Introducing Standards of Practice for Gender Lens Investing
Gender lens investing has long sought to capture impact beyond the representation of women on boards, or a simple count of women-led businesses. In recent years, increasing discourse among those in the field has shifted from why gender lens investing matters, to what ‘good’ gender lens investing looks like. Naming specific gender-transformative outcomes has convened a robust community around a common goal.
However, the field has not yet reached its potential due to challenges with implementation. Impact metrics help investors to identify what social change outcomes they intend to achieve but these take years to measure. Additional guidance is needed on how to achieve those goals, with short-term indicators to reassure investors that some progress is being made along the way.
Recent conversations in the field have highlighted the value of tracking shifts in power, privilege and bias in investment practices as a way of increasing confidence in longer-term gender equality outcomes. Ultimately, without specific and measurable changes in investor practice, efforts to advance the quality of gender lens investing implementation will be incomplete. Simply put, we can’t keep repeating the same behaviors and expect different outcomes.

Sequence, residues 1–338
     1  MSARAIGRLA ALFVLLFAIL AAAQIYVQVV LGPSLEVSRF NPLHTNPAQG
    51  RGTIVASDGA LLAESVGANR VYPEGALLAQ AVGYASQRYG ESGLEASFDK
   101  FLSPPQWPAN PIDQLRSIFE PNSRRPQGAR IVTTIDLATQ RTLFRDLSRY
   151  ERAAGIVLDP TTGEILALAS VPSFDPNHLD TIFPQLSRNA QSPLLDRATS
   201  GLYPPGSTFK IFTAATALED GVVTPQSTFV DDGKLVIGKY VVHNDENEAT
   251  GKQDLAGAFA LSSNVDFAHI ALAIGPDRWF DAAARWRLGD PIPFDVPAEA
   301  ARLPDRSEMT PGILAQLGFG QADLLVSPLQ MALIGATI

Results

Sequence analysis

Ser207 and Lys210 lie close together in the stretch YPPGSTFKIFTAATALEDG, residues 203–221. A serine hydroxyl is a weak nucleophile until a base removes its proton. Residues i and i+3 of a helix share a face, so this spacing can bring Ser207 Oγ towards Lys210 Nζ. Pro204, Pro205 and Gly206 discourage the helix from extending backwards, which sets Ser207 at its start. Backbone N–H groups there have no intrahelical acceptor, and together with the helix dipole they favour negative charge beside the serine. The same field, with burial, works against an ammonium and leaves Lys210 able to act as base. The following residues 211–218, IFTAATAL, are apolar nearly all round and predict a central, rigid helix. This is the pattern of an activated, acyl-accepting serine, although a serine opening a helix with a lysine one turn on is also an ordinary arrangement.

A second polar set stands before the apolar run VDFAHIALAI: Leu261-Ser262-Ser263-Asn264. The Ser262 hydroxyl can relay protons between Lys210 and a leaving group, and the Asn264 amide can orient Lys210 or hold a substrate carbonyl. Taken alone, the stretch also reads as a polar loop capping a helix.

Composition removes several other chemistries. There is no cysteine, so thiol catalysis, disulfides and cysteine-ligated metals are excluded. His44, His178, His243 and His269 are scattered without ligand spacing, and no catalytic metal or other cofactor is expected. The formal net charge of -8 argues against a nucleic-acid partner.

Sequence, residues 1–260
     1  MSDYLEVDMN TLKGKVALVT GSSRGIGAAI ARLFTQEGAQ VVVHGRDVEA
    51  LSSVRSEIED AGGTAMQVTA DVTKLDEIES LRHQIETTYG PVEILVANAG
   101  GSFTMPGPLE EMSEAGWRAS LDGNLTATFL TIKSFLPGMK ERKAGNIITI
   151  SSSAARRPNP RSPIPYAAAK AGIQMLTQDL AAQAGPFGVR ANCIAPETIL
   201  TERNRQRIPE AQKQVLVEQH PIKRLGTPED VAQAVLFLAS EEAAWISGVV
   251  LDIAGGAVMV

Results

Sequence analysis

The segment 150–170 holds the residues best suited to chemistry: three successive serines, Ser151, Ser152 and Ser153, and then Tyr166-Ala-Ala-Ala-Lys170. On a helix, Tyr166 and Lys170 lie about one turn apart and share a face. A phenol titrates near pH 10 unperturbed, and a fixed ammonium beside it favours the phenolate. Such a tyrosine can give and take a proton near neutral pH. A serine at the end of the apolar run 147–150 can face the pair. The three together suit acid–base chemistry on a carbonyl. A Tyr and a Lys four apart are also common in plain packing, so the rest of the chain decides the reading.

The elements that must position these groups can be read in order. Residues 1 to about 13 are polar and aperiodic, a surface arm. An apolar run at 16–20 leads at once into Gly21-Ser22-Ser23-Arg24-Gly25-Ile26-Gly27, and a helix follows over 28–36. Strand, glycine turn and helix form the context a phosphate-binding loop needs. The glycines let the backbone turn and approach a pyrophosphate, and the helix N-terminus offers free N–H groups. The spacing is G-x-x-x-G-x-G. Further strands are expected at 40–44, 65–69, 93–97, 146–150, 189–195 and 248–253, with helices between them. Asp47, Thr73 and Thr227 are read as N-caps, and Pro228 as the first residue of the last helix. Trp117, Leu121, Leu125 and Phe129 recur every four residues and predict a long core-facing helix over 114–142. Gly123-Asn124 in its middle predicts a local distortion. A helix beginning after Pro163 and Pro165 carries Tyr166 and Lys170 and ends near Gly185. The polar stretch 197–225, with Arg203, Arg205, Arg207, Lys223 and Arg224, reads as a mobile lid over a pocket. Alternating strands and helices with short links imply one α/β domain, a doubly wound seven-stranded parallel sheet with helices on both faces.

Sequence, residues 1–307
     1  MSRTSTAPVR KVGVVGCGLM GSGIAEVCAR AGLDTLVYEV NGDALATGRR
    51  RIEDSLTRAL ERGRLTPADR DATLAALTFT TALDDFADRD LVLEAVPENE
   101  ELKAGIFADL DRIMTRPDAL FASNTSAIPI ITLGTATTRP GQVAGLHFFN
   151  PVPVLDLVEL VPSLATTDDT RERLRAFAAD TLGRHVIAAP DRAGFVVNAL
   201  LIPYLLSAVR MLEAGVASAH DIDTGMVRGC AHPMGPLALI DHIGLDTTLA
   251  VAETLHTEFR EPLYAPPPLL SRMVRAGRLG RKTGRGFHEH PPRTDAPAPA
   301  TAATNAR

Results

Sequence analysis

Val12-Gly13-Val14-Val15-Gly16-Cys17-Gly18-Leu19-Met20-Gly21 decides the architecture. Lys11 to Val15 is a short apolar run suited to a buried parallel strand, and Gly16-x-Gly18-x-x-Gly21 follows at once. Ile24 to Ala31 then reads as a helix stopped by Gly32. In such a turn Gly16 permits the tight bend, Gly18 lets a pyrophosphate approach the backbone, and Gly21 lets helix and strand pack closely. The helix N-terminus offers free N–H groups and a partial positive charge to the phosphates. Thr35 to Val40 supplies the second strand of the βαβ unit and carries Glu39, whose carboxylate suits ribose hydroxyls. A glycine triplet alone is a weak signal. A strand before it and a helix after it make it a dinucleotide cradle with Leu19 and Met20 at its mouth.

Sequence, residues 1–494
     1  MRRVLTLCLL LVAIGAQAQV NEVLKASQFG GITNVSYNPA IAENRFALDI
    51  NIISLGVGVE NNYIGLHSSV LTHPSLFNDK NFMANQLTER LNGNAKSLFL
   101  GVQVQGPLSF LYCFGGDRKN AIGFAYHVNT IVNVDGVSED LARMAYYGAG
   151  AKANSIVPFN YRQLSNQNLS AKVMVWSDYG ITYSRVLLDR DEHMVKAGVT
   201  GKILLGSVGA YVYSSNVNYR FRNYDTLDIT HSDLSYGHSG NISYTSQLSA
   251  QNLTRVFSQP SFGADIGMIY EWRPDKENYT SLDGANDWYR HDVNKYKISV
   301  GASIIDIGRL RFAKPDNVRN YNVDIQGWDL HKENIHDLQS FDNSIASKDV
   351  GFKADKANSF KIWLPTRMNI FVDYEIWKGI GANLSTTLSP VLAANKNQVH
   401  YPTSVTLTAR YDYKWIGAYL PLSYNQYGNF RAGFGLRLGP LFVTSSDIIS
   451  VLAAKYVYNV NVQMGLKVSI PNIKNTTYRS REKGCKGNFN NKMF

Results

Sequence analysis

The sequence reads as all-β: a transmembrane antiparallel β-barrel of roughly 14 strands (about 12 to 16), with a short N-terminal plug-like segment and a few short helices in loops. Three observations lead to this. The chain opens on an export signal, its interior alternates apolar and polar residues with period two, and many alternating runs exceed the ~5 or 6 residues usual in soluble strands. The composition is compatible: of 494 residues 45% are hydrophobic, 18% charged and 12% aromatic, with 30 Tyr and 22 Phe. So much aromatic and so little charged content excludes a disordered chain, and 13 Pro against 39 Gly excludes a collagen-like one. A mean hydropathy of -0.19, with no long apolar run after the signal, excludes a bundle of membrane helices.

Understanding power dynamics is central to evolving implementation in the field because they are embedded in current finance practices—many of them inequitable. These practices become an obstacle to the social change being sought, yet because they usually go unexamined, their effects aren’t visible. We must uncover how power, privilege, and bias operate in finance, and identify specific practices that disrupt those power dynamics and are therefore more likely to lead to better outcomes.
Our latest paper presents this expanded approach in more detail. It has been written for standard setters - asset owners, foundations, and governments - who want to ask for more to be more effective in creating the change they seek. This paper was created to help them start thinking about why, and how, they might do that.
This work has been a collective effort, built over years in collaboration with fund managers, activist organizations, and governments, drawing on important work from leaders across the gender lens investing field. It is part of the ARISE project, funded by Global Affairs Canada.